Late 1960s. Meet Vert-A-Pac, The Coolest Automobile Transport Ever
This rail car designed for the Chevrolet Vega was an incredible feat of transportation engineering.
For most long-haul automobile shipments over land, rail has always been the way to go. Faster than truck shipments, rail cars for automobiles were still costly leading automakers and rail companies to design better rail cars that could pack more vehicles into a single car, therefore bring down the shipping cost per vehicle. Probably the most incredible of these rail cars was the so-called Vert-A-Pac, co-developed by General Motors and the Southern Pacific Railroad in the late 1960s.
Designed for GM's upcoming Chevrolet Vega, the Vert-A-Pac was able to fit 30 Vega's into a rail car -- as opposed to the typical 18 found in the standard tri-rack rail car -- by shipping the cars standing upright, nose-down.
When General Motors began designing the Chevrolet Vega, they did something rather incredible: they designed the car specifically to fit into a new railcar being designed specifically to transport Chevrolet Vegas. Commonly known as the Vert-A-Pac, the new railcar nearly doubled the number of cars that could be transported in a single-car, which was especially important for GM at the time. They needed to keep the cost-per-Vega to around $2,000 otherwise they wouldn't make any money on them, so the entire assembly-line-to-dealership cost had to be carefully factored into the vehicle.
The result was a railcar that shipped Chevrolet Vegas standing upright with their nose pointed straight down. Since the cars were designed to be driven right off the rail car and onto a dealer's lot, they were shipped with gasoline, oil, and all of the fluids necessary for the normal operation of the vehicle. As a result, the entire car had to be designed to keep the fluids in the car while they were being shipped.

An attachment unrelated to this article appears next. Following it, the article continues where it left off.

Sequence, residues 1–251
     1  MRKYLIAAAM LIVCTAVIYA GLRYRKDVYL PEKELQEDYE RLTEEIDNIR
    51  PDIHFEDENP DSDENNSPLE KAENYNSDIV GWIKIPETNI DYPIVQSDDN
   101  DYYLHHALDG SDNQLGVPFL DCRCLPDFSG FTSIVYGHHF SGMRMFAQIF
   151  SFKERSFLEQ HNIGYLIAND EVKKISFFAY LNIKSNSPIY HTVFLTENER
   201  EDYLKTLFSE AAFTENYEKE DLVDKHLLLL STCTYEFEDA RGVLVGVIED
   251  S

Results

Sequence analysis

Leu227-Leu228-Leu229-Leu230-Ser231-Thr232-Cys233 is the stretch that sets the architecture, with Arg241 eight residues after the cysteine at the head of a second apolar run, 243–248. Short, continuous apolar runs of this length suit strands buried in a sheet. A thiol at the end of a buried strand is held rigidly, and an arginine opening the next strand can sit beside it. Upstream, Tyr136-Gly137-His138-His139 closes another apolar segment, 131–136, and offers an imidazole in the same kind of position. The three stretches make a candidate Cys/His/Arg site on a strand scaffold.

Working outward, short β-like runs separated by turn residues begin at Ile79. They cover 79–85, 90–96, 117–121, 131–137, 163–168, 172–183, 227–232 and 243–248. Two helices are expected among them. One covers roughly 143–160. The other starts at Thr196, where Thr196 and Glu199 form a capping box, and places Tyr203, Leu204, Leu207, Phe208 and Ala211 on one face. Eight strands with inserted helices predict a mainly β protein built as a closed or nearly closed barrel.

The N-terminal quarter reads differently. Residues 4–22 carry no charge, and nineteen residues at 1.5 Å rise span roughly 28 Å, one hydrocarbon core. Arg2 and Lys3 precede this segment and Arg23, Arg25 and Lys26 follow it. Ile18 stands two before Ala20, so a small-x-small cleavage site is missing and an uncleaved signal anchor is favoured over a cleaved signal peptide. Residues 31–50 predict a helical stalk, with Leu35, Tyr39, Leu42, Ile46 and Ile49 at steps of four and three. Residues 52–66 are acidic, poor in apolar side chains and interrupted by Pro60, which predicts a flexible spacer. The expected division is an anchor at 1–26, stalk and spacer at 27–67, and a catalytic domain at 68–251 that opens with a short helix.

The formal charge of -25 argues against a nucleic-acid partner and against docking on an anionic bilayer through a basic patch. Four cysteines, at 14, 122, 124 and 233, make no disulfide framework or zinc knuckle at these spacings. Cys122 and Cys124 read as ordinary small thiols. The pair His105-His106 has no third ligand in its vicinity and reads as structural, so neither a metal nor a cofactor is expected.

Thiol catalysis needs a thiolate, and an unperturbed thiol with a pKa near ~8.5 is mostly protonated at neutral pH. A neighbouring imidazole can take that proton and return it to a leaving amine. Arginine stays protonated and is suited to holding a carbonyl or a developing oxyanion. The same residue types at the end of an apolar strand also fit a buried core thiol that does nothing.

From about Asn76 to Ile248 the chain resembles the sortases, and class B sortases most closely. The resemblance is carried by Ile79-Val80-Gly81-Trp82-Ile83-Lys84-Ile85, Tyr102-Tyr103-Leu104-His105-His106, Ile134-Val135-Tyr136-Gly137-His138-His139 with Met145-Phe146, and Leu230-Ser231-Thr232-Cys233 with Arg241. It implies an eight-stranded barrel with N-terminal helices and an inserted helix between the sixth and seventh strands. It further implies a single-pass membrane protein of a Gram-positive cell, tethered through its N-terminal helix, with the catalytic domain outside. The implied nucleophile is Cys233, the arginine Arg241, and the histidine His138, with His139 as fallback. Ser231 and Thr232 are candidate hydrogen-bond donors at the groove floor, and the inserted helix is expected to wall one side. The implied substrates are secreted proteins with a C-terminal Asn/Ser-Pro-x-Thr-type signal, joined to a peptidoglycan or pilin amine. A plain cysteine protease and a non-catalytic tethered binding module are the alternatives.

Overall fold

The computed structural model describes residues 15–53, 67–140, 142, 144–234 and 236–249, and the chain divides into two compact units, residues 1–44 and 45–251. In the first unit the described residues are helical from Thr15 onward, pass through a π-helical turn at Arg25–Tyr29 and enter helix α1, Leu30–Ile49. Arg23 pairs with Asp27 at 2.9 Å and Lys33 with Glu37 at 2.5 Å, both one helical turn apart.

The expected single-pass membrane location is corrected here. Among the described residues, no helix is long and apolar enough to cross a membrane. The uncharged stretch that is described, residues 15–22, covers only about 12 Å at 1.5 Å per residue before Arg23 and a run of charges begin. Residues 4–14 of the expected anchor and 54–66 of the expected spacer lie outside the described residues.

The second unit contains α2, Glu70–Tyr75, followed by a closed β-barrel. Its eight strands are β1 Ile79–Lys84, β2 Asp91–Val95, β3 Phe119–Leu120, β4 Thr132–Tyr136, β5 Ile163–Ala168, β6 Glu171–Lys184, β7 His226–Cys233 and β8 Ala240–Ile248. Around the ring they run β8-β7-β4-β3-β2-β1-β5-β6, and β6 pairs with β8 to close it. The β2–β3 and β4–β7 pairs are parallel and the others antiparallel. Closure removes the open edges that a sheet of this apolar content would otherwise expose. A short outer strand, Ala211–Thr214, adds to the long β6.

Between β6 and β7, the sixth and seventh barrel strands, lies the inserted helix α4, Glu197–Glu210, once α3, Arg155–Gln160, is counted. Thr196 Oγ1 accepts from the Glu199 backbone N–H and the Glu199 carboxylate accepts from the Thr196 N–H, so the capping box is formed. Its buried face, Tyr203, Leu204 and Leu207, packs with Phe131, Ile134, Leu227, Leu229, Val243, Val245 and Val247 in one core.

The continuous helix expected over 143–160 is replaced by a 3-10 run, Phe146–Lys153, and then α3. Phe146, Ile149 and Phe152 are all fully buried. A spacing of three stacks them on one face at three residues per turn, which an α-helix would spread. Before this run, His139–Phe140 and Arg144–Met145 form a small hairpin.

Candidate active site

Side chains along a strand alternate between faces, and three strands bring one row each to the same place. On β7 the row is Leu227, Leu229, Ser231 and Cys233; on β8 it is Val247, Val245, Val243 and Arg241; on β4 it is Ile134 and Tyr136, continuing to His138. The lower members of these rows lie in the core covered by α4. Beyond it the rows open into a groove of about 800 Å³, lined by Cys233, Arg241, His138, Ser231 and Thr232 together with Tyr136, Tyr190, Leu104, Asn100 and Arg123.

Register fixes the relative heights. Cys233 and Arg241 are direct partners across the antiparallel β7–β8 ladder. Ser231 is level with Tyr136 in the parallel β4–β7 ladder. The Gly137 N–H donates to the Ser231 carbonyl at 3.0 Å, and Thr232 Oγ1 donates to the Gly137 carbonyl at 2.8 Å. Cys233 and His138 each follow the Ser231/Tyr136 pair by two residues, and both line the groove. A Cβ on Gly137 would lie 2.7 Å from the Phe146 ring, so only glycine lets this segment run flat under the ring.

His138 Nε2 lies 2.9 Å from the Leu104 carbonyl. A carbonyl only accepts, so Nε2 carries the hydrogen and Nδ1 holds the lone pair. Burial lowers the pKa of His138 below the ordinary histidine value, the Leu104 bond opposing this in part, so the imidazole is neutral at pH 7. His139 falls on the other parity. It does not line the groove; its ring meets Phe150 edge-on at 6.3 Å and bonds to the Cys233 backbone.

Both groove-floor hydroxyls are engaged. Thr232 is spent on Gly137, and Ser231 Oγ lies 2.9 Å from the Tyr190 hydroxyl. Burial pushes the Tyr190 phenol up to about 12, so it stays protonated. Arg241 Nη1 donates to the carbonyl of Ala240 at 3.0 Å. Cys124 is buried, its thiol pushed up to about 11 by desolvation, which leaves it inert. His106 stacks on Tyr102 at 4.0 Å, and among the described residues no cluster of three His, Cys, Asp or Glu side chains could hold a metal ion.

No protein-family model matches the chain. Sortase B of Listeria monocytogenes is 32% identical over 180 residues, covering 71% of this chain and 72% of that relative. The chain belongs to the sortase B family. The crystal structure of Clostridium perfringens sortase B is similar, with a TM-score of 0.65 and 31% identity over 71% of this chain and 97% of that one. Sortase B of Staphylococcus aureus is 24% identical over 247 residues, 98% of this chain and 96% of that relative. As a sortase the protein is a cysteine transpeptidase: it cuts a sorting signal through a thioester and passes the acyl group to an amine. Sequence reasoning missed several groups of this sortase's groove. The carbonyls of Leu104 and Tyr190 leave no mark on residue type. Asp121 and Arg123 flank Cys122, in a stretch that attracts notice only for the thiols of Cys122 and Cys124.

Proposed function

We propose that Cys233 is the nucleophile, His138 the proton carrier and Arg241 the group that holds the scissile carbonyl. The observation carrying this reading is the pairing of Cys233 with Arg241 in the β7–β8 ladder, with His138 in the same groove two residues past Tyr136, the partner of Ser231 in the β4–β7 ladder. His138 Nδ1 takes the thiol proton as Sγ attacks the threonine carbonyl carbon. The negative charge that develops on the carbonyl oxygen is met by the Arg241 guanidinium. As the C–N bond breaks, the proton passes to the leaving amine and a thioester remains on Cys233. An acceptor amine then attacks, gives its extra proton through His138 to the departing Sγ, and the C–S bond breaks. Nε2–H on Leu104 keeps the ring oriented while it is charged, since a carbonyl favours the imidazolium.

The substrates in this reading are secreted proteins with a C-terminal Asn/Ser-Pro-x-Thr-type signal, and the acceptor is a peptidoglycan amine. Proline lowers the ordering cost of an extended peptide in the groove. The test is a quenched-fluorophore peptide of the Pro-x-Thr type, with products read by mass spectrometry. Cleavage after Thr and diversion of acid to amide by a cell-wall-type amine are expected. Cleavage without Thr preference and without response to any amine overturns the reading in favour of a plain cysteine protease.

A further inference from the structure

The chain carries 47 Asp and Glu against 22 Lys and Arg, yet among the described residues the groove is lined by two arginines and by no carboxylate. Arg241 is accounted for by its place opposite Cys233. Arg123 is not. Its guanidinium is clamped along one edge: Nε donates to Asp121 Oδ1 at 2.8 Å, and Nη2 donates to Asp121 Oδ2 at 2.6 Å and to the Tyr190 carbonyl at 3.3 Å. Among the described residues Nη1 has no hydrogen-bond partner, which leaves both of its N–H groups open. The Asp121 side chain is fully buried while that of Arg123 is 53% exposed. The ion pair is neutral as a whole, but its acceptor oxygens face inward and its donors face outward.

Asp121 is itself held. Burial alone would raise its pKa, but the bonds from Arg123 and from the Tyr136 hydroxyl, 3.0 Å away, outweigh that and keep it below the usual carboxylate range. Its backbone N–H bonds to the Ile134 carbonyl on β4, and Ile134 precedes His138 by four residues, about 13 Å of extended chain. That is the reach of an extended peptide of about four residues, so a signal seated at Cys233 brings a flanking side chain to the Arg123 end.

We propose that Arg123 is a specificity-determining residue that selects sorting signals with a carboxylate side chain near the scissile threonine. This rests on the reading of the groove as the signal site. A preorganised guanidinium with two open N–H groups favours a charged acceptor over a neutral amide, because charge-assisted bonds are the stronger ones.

As a result, the Chevy Vega had some interesting quirks. According to Railway Age:
"The Vega’s engineers had to design a special engine oil baffle to prevent oil from entering the No. 1 cylinder of the car’s inline-four engine. Batteries had filler caps located high up on the rear edge of the case to prevent acid spills. The carburetor float bowl had a special tube that drained gasoline into the vapor canister during shipment, and the windshield washer bottle stood at a 45-degree angle. Plastic spacers were wedged between the powertrain and chassis to prevent damage to engine and transmission mounts. The wedges were removed when cars were unloaded."
Once the Vegas were driven up on one of the Vert-A-Pac's 30 door-ramps, they were secured into place with special hooks designed to lock into slots set into the chassis of the car and then a forklift would lift the ramp up and secure it into place, storing the Vega in a vertical position for transport.
The Vega was a huge hit when it was introduced in 1970, but it lost its shine pretty quickly once it became clear that it wasn't the most reliable car on the road. The Vega was produced until 1977, when it and its sister model, the Pontiac Astre, were discontinued.
As for the Vert-A-Pac, without the Vega and the Astre, it too was discontinued since it was so specifically designed for a single model that they couldn't be used with anything else. It lives on in history though as one of the coolest ways to transport a car ever designed, too bad they didn't spend more time on the Vega it was meant to carry across the country.
Curtesy of Interesting Engineering transportation.
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